If you’re thinking about starting a business or renaming yours, here are some pointers about original business names. Including what I’ve learnt as Ink Gardener.

Take your time

Cut the carp - my rejected business nameA business name is like a tattoo. Hopefully you’re going to have it for a long time so don’t rush.

Initially I was going to call my copywriting business ‘Cut The Carp’. But then I started thinking it sounded a little negative. I was going to offer more than editing. And the idea of a fish as my business identity was less than appealing.

Imitation is the sincerest form of flattery

Haven’t a clue? Take a look at magazine ads or browse the web, and not just your competitors. Collected some business cards? See what stands out. Then write down the names that appeal to you. You’ll soon see a pattern.

Really struggling?

Other languages can be an inspiration. Icelandic has lots of consonants that may get you thinking…

Ronseal or creative?

The Ronseal route of “doing exactly what it says on the tin” can be great. If you have a distinctive first and second name, it can be ideal if you offer a service. However make sure you add a description of what you do – so for example Olivia Brabbs Photography. Sadly there are too many Helen Reynoldses in this world for that to be an option for me.

I went the more creative route of Ink Gardener which has been a double-edged sword. As a completely original business name I could nab most social media accounts and website addresses.

However at events people assumed I was a gardener so I’ve taken to adding Copywriting at the end of my business name. Also I had no idea that people find Gardener so hard to spell. Variations have included Gardner and Gardeneer.

But explaining what I do in terms of gardening has been a real winner. My ideal customer is often unaware of what ‘copywriting’ is. But they’re intrigued by the name and it’s a good conversation opener.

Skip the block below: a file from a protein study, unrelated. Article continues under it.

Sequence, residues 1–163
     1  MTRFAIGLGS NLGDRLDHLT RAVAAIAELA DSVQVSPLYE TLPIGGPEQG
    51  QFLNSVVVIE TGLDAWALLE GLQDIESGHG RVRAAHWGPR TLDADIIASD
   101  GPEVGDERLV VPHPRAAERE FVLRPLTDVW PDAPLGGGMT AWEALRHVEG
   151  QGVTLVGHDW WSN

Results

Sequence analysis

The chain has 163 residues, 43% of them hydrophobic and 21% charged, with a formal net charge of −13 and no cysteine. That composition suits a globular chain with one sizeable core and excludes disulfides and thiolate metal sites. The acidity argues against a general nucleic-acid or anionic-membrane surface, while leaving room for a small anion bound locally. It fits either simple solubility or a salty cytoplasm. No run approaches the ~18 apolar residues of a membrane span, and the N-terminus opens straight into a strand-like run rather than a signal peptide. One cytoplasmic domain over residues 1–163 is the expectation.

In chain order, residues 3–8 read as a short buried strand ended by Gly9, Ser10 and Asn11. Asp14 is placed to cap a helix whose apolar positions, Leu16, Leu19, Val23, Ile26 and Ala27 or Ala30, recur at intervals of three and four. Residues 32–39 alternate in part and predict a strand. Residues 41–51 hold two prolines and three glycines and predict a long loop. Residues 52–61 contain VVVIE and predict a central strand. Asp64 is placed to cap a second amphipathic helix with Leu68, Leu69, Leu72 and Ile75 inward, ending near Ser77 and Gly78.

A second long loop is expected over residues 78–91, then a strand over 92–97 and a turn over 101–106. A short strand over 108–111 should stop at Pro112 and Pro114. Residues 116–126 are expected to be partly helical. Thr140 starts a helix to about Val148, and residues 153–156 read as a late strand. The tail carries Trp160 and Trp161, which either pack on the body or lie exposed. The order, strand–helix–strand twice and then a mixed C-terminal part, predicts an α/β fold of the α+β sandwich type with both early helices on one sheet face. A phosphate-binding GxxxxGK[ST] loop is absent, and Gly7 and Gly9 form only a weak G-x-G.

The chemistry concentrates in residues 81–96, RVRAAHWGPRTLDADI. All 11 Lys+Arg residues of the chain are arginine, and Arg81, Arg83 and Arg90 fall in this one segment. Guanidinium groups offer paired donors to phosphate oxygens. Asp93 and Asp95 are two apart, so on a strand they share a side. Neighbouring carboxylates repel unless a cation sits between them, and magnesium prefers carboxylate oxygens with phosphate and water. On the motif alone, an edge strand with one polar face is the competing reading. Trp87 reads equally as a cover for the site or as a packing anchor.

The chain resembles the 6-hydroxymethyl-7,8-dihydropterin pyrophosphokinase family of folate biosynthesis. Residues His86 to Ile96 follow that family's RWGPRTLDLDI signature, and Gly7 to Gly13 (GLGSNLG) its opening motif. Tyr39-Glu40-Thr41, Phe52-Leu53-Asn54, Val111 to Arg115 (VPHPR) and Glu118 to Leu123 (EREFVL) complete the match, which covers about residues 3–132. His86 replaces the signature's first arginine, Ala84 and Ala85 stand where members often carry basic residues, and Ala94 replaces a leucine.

It also gives me scope to expand. Ink Gardener’s Question Time? Ink Gardener’s World? The possibilities are endless…

Talk it through

After giving a talk about Twitter, I was discussing something with LEAN business consultant Laura Cotter. At that point she was from Business Streamlined Ltd. As I scribbled ‘@bs’ on the whiteboard, we both burst out laughing. BS are not the best initials!

The following week Laura sent me this on LinkedIn:


She is one smart cookie.

Cover all the bases

Come up with the bestus of the best original business names? Great. Now you need to check it’s available. In days gone by you’d have a shop sign, maybe a business card and an ad in the Yellow Pages. In the 21st century the name needs to work online too.

Has it been taken on the web?

Of course you can type ‘www.yourawesomebiz.co.uk’ into your internet address bar and see if it’s been taken. But I recommend searching the neutral Whois lookup site which lists what might be coming up for grabs soon. You can use URL sign-up places, but it has been known that when you return to buy it, the price goes up or it’s been nabbed by someone else.

I would also check out buying the ‘.com’ address as well as ‘.co.uk’. You don’t want people clicking through to your doppleganger in Texas. There’s more about URLs on my article three questions you must ask your web designer.

Is it still free on social media?

Will the name work on Facebook, Twitter maybe even Pinterest and Instagram? You don’t have to sign up to search. For Twitter, type in www.twitter.com and then the name such as www.twitter.com/inkgardener . Or use the search in the top right-hand corner of my Twitter page.

Consistency isn’t vital but try to at least have one relevant core word. For example for my client Caroline from Pet Education and Training we settled on the Twitter account ‘petexpertUK’.

Is it legal?

Check out Start Up Donut’s excellent article Choosing a business name FAQs for what else you need to be aware of.

Need a fresh pair of eyes?

If you’re stuck for inspiration, I’d be happy to help. I’m also here to sort out your web content and navigation. Please get in touch.